A fantasy shopping spree

Since the early ’90s, fantasy baseball has become popular among fans of the game, and gains a larger following each year.

The common fantasy forms are “rotisserie”, in which the  so-called “owners” accumulate points based on the performance of their chosen players during the season, or “head-to-head”, which pits players in the league against each other based on various statistics.

“I started playing it a few years back, and every year my buds and I play together for bragging rights,” says Mike Benson, a first-year philosophy student.

So how can you win in your league and get those bragging rights? Here are the top players at each position, for standard 5×5 rotisserie leagues.



Buster Posey is your man; the 2012 NL MVP hit .336, with 24 homers and 103 RBIs. While his team’s lineup isn’t ideal, he should have plenty of chances at RBIs while batting behind guys like Ángel Pagán, Marco Scutaro, and Pablo Sandoval. But keep in mind that catchers are much more susceptible to injuries, so one nasty collision can knock your stud out for the whole year.

Plan B: Matt Wieters, who can provide more than 20 homers and 80 RBIs, or Joe Mauer, a batting machine when he isn’t injured.


First base

I’m tempted to recommend Albert Pujols, but he was showing some effects of age last season stumbling out of the gate. Instead, I’d go for 28-year-old Prince Fielder, who hit .313 while slugging 30 homers and driving in 108. While Pujols drives in Mike Trout and Howie Kendrick (and maybe Josh Hamilton, depending on where he bats), Fielder plays with Austin Jackson, Miguel Cabrera, and Victor Martínez. When in doubt, go for the younger guy.

Plan B: Paul Konerko, who hits .300 with 30 homers yearly, or Mike Napoli, who should get a boost from the Green Monster of Boston and can give you some insurance at catcher position.


Second base

Robinson Canó has everything but stolen bases. Last season, he hit .313 with 33 homers, 94 RBIs, and 105 runs. Canó is helped by the short porch in New York, and he is no slouch on the road. In fact, he scored more runs and had a higher batting average on the road. Did I mention that he’s in the last year of his contract? Nothing will stop the Scott Boras client from tearing it up.

Plan B: Former Blue Jay Aaron Hill, who scored 93, drove in 85, and hit 26 round-trippers while hitting .302, or Dustin Pedroia, who’s a good bet for .300, double-digit homers, and over 90 runs.


Third base

Miguel Cabrera, without hesitation, is the best choice for third. The Triple Crown winner and 2012 MVP winner (though not the most valuable player according to WAR) is in the prime of his life. Good luck finding another third baseman who can put up .300 with 30 homers, 100 runs scored, and 100 RBIs with ease.

Plan B: Adrián Beltré or Evan Longoria are good bets for 25 homers and 90 RBIs.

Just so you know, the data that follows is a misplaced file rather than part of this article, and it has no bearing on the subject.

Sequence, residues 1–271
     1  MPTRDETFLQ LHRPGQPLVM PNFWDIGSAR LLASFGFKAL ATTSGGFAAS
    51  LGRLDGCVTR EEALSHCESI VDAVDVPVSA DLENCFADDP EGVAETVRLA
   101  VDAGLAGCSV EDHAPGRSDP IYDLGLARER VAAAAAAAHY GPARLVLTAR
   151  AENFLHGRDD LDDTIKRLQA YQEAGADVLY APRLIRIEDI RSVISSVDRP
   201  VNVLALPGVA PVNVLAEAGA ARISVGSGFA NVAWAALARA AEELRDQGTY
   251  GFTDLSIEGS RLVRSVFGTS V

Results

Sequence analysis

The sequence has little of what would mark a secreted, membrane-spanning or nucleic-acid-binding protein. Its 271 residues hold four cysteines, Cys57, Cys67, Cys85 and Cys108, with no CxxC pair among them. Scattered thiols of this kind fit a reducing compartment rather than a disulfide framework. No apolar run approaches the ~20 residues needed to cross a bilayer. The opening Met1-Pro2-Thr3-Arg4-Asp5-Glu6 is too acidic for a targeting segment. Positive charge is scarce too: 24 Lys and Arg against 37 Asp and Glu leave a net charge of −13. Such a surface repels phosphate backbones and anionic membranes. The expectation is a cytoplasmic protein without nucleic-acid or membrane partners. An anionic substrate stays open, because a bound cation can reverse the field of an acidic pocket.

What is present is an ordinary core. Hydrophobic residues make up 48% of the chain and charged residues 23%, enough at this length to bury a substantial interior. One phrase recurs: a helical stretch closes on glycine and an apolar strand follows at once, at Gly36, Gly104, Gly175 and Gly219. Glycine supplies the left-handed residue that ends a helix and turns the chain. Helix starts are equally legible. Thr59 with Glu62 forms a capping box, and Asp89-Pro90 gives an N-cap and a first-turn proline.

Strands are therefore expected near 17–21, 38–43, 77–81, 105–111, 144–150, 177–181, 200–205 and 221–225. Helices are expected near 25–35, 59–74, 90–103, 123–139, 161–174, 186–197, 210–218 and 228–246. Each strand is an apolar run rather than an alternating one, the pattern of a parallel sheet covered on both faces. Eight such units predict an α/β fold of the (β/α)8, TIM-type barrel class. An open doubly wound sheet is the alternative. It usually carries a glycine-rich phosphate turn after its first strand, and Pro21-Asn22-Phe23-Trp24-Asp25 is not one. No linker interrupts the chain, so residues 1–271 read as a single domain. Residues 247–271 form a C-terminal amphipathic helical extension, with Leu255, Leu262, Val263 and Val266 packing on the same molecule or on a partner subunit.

Troy Tulowitzki is a rare shortstop who can hit for both power and average. Granted, playing in Coors Field can significantly boost your stats, but there’s no point deduction for home parks. What more could you want in a shortstop?

Plan B: José Reyes, a great source of runs and stolen bases, or Asdrúbal Cabrera, who can do a bit of everything.



Bryce Harper would be a good choice had he not looked lost against sliders in a game last season, fanning five times against lefty pitchers. Mike Trout, on the other hand, was hot throughout the entire season, and finished as the unanimous AL Rookie of the Year (and also more valuable than Melky Cabrera according to WAR). Even if he doesn’t hit as many homers again, he should have a great year, providing batting average, stolen bases, and runs. Also, it doesn’t hurt that he has Josh Hamilton and Pujols to drive him in.

Plan B: Josh Hamilton, who should have at least one more great year left in him, or Justin Upton, who might finally realize his potential after uniting with his brother in Atlanta.


Starting pitcher

Stephen Strasburg is a great choice. Without an innings restriction this year, the young phenom will have nothing in his way. Leading the league in strikeouts per nine innings, he should be a great source of wins, strikeouts, ERA, and walks and hits per inning. Strasburg is even more appealling if you’re playing in a keeper league.

Plan B: David Price, the 2012 AL Cy Young and winner of 20 games, or Gio González, Strasburg’s teammate and another winner of 20 games.


Relief pitcher

While Craig Kimbrel is bound to regress, he will likely still have an awesome season saving games for the Braves. The young fireballer strikes out an astonishing 16.7 per nine innings and allowed only 3.9 hits per nine innings—the same as his debut season of 2010. He should offer an abundance of save opportunities for Atlanta, who will battle Washington for the NL East crown.

Plan B: The immortal Mariano Rivera, or Rafael Soriano, the new Nationals closer and Rivera’s former deputy.


Choose your fantasy league players from this list, and fantasy victory may be in your future.

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